9 June 2021 • ACTUALITÉS

Planète Urgence celebrates World Environment Day

Semaine de l'environnement_Planète Urgence

In a virtual speech at the One Planet Summit in support of biodiversity, UN Secretary-General António Guterres declared “2021 the year of humanity’s reconciliation with Nature”. 

For 20 years, Planète Urgence has been working concretely on this reconciliation with local projects serving weakened human and natural ecosystems. 

However, the particular year that we have all just experienced raises questions about the priority actions to be taken to accelerate this reconciliation. Where are we globally on this link between Humanity and Nature? How should the current situation alert us to the impact of forest destruction on humans? 

As World Environment Day is celebrated around the world on June 5, Planète Urgence wishes to return to the subject and show that preserving forests also means preserving humans! 

 

Forests: ecosystems essential to the daily lives of humans 

 

In 2020, tropical forests lost 12.2 million hectares (including 4.2 million primary rainforests), i.e. 12% more than in 2019 (FAO, report published on March 31, 2021). However, forests are essential to our lives since they play a key ecological role in regulating the climate, water and soil. They are also important resources for populations and, more broadly, for all of humanity, since forests contribute to human well-being! 

 

infographie des forêts - Planète Urgence

 

 

We all now know that deforestation is a scourge for the environment and has consequences for human life. The COVID-19 crisis has highlighted the importance of conserving forests, especially tropical ones. Humanity has thus become aware that the health of populations is intrinsically linked to the health of ecosystems. 

 

 

The consequences of deforestation on humans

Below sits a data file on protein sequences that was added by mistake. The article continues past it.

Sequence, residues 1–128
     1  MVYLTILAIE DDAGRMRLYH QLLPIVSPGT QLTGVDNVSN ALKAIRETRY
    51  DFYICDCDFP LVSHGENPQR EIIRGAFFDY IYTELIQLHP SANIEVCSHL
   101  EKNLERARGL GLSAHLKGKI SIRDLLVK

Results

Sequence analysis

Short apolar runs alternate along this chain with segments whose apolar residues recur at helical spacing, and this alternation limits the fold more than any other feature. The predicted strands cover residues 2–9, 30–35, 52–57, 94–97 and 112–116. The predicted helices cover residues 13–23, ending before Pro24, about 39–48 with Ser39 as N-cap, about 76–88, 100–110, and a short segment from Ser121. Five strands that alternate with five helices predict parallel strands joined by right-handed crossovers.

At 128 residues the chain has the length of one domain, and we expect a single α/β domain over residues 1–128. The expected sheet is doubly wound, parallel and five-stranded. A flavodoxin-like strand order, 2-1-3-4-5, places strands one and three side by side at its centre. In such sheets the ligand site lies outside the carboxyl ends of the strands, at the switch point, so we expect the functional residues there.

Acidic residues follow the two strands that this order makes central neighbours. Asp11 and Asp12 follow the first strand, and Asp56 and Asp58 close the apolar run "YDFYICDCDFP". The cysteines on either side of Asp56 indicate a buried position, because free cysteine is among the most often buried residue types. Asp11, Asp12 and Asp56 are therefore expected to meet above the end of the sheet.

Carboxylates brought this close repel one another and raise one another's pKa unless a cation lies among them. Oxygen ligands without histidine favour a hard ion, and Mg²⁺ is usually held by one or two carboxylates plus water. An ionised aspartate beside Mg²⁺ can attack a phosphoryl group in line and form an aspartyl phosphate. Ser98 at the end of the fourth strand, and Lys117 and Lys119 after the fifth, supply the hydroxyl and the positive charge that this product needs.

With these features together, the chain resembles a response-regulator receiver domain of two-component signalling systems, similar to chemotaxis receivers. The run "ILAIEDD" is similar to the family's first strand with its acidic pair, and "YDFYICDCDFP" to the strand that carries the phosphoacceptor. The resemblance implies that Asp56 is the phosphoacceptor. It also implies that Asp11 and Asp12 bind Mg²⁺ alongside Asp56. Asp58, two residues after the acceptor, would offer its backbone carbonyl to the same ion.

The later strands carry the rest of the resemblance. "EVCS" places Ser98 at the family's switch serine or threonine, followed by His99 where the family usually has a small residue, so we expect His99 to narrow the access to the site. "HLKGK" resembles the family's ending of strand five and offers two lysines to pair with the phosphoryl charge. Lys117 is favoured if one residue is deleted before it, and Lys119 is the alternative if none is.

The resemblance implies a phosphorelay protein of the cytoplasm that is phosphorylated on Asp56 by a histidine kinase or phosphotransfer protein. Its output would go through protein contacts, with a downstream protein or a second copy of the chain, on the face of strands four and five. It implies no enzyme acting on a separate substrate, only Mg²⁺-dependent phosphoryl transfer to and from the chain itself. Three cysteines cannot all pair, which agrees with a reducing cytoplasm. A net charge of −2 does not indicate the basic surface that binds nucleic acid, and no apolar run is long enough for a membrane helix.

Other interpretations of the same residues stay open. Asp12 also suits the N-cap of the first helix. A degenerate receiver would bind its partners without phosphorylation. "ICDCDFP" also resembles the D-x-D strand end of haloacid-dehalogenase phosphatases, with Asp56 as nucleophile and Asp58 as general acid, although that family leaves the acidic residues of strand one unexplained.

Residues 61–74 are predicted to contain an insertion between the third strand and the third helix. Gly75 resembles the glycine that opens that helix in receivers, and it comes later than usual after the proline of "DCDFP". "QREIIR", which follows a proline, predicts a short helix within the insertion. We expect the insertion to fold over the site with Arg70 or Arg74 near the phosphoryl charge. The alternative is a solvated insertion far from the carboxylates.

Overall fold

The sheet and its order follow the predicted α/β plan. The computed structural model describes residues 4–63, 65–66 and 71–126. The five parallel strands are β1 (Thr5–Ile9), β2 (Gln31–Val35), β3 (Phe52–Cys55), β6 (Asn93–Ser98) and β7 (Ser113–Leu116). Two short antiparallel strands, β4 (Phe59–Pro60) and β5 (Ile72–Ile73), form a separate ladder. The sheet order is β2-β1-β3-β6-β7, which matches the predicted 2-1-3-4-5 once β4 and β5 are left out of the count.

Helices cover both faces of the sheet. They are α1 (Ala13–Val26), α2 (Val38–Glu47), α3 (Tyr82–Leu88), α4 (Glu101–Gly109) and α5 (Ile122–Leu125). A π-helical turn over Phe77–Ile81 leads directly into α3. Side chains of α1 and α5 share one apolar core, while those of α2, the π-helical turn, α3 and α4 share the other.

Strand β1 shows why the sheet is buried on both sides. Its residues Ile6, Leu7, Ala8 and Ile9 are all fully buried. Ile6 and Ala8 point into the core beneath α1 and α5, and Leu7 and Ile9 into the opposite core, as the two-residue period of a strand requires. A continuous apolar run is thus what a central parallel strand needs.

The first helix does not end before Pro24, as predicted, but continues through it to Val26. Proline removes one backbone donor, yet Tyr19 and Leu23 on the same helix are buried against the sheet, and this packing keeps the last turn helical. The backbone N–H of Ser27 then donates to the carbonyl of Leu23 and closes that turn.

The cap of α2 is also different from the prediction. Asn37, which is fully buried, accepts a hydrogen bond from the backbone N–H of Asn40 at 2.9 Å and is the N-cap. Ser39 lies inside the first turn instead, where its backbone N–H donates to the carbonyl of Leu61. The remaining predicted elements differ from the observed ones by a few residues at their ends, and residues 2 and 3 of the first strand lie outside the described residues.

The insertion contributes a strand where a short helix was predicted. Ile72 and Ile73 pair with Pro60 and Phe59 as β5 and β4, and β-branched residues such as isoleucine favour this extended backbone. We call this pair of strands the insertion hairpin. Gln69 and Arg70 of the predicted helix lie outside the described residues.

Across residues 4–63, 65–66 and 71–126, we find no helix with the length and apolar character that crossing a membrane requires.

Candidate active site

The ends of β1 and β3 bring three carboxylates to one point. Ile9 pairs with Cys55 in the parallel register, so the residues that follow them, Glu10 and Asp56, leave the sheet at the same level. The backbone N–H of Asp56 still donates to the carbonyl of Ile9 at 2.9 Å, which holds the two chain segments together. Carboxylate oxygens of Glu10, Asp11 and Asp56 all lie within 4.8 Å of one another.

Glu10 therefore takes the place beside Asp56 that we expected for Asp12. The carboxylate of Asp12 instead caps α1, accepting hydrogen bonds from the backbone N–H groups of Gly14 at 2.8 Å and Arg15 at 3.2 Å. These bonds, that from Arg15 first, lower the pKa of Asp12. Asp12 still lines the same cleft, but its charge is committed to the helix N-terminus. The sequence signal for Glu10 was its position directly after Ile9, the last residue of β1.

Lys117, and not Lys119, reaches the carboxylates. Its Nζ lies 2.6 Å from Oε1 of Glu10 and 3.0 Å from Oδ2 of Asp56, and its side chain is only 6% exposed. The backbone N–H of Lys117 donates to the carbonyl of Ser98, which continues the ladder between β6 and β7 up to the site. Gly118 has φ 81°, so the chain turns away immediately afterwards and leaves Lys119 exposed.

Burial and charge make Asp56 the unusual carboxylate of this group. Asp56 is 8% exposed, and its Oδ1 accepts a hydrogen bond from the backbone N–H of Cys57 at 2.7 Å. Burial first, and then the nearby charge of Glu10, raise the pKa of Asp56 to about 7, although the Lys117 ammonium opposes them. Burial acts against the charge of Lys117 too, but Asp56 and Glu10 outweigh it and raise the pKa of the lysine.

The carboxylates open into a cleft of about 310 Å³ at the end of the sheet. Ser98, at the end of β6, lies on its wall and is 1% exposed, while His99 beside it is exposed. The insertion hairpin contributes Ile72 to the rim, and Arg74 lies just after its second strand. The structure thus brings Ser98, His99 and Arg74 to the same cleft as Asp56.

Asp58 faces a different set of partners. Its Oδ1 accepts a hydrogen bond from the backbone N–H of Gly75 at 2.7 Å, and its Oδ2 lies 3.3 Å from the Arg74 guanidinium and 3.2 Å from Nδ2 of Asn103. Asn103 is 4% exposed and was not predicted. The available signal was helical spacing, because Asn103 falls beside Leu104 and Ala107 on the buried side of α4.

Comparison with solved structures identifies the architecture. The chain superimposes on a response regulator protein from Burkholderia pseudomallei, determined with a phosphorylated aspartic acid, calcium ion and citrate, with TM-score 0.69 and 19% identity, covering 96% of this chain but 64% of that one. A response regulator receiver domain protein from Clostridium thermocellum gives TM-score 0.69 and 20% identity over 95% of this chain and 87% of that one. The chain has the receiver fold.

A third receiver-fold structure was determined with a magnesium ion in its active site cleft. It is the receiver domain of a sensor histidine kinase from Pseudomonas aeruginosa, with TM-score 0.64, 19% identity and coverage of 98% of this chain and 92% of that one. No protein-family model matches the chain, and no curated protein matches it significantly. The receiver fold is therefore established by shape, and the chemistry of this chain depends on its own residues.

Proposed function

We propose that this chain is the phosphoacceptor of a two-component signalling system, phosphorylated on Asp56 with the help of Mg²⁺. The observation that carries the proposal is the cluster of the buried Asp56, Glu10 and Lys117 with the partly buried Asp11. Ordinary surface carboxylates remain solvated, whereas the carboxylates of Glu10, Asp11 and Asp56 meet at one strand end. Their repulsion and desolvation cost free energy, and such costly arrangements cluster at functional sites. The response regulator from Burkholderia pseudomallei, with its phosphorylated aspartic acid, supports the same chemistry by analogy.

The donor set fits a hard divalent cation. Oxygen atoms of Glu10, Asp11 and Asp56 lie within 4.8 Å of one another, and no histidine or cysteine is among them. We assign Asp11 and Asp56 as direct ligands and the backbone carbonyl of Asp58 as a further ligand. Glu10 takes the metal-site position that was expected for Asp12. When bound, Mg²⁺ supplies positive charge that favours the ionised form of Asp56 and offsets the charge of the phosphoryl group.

“Many scientific studies demonstrate the importance of forests for climate regulation, […] and thus [their contribution] to human health and well-being.

Yet, deforestation continues in many countries and its impact is very noticeable for planetary health. The scientific work is alarming. »

Serge Morand

 

If forests must be protected, it is also to preserve the irreplaceable biodiversity of animal and plant species that they shelter, as well as the women and men who depend on them. 

1/3 of the world’s population today uses wood and natural resources from forests for their basic needs (construction, cooking, heating, income-generating activities, etc.). Deforestation therefore threatens the lives of entire communities, their ancestral territories, the nature and ecosystem services on which they depend, and the traditional knowledge they hold. We are talking about a real defaunation of certain forest ecosystems, when it is not their disappearance by the combined effects of intensive, extractive and industrial agriculture. 

The IPBES 2019, WWF Living Planet 2020, and FAO Forests 2020 reports show that we have reached a critical point in the regeneration of both natural forests and biodiversity. The ways of life, cultures and knowledge of traditional and indigenous societies are also seriously threatened by this great acceleration of globalized extractive activities.